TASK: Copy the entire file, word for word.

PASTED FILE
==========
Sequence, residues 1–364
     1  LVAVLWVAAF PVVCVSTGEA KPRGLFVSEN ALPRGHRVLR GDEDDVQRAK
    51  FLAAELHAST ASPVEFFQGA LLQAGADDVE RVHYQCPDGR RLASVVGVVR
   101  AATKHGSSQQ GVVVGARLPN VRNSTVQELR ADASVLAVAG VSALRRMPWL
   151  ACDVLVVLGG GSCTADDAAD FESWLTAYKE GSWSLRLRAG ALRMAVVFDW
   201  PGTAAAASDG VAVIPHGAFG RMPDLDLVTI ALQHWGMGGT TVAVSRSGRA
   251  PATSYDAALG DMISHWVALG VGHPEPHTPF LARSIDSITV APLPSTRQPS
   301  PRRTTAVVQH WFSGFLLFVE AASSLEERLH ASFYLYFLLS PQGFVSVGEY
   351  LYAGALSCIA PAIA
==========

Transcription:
Sequence, residues 1–364
     1  LVAVLWVAAF PVVCVSTGEA KPRGLFVSEN ALPRGHRVLR GDEDDVQRAK
    51  FLAAELHAST ASPVEFFQGA LLQAGADDVE RVHYQCPDGR RLASVVGVVR
   101  AATKHGSSQQ GVVVGARLPN VRNSTVQELR ADASVLAVAG VSALRRMPWL
   151  ACDVLVVLGG GSCTADDAAD FESWLTAYKE GSWSLRLRAG ALRMAVVFDW
   201  PGTAAAASDG VAVIPHGAFG RMPDLDLVTI ALQHWGMGGT TVAVSRSGRA
   251  PATSYDAALG DMISHWVALG VGHPEPHTPF LARSIDSITV APLPSTRQPS
   301  PRRTTAVVQH WFSGFLLFVE AASSLEERLH ASFYLYFLLS PQGFVSVGEY
   351  LYAGALSCIA PAIA